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Marres-Centre for contemporary culture Presents The Avant-garde Specters of the Nineties

Marres-Centre for contemporary culture presents The Avant-garde Specters of the Nineties on view 20 November 2011.

Within the long-term program covering the avant-garde, Marres presents Specters of the Nineties, an exhibition that looks at the last decade of the 20th century through a selection of art works made in the period between 1989 and 2000.

Jens Haaning, “Middelburg Summer 1996,” 1996. De Vleeshal Middelburg, the Netherlands.

The most prominent characteristics of the 1990s, commonly known as the beginning of ‘The Information Age’, are without doubt the revolutionary development of digital technology the emergence of a global capitalism. The claim being made in the exhibition is that the artistic practices of the 1990s not only reflect these developments, but also testify of the way the digital revolution has altered the artistic practice itself—art of the 1990s being, in other words, both informed and formed by these changes.

The artistic practices of the 1990s often have been referred to as ‘social art’ and subsequently their value has been measured in social terms rather than artistic ones. Instead, Specters of the Nineties unfolds how the technological developments of the time have marked the production and dispersion of art, the notion of access and audience, the issue of authorship, and ultimately, the nature of artistic work and the aesthetics of the artefact itself. The artistic practices of the 1990s persistently seek to redefine the utilitarian relations of art in a new economic reality, which is why it could be argued that they truly are a part of a ‘classic’ avant-garde project.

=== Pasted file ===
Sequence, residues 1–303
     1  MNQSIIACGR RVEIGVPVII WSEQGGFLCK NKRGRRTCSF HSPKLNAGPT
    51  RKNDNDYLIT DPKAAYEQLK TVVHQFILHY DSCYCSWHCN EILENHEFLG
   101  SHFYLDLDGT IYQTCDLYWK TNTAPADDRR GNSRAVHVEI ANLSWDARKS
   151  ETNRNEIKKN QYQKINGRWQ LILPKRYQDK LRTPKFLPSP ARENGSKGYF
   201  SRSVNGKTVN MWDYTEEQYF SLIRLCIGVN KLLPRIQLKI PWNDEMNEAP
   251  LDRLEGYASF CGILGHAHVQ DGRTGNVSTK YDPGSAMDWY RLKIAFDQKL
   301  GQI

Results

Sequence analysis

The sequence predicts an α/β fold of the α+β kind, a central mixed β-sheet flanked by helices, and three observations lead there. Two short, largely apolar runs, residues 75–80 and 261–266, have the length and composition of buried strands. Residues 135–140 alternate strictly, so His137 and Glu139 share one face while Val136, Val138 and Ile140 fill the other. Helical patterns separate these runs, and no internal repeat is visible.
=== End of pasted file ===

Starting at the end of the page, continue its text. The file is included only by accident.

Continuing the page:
Specters of the Nineties presents a selection of art works and practices that could be considered as anticipating on the social and political constellations of today and the position of art therein. What is the legacy of the artistic practices of the 1990s? Are they still haunting today’s art practices? Or have they, as a ‘social project’, dissolved in our social reality altogether?

The exhibition consists of an anthology of artistic practices and works, including sculpture, installation, painting, photography and video, made between 1989 and 2000. The exhibition also includes reconstructions, documents and archival material that, in a documentary style, represent the site specific, system specific, process based, one-time, or otherwise ephemeral character of the artistic practices of the 1990s.

Works by:
Art Club 2000, Sadie Benning, Bernadette Corporation, Plamen Dejanov & Swetlana Heger, Jeremy Deller, Stephan Dillemuth and Hans-Christian Dany, Maria Eichhorn, Annika Eriksson, Andrea Fraser, Rainer Ganahl, Renée Green, Jens Haaning, Pierre Huyghe, Karen Kilimnik, Ben Kinmont, Job Koelewijn, Renée Kool, Aleksandra Mir, Regina Müller, N55, Marylène Negro-Klaus Scherübel, Laurie Parsons, Asier Pérez González, Dan Peterman, Hinrich Sachs, Joe Scanlan, Tilo Schulz, Superflex, Apolonija Sustersic, Barbara Visser, Carey Young.

We’ll Be Rich Tonight, a new essay by Hans-Christian Dany, is published in conjunction with the exhibition.

Events program on Saturday 12 November, 15.00 hrs
Wat men weet (That We know), ELLE magazine talk & live recording
Featuring a.o. Valerie Smith and Leontine Coelewij
A work by Hinrich Sachs, performed since 1994

Marres receives structural financial support from the Ministry of Education, Culture, and Science and the Municipality of Maastricht.

Curators: Lisette Smits in cooperation with Matthieu Laurette.

Marres-Centre for contemporary culture
Capucijnenstraat 98
6211 RT Maastricht
The Netherlands
0031- (0)43-327 02 07.

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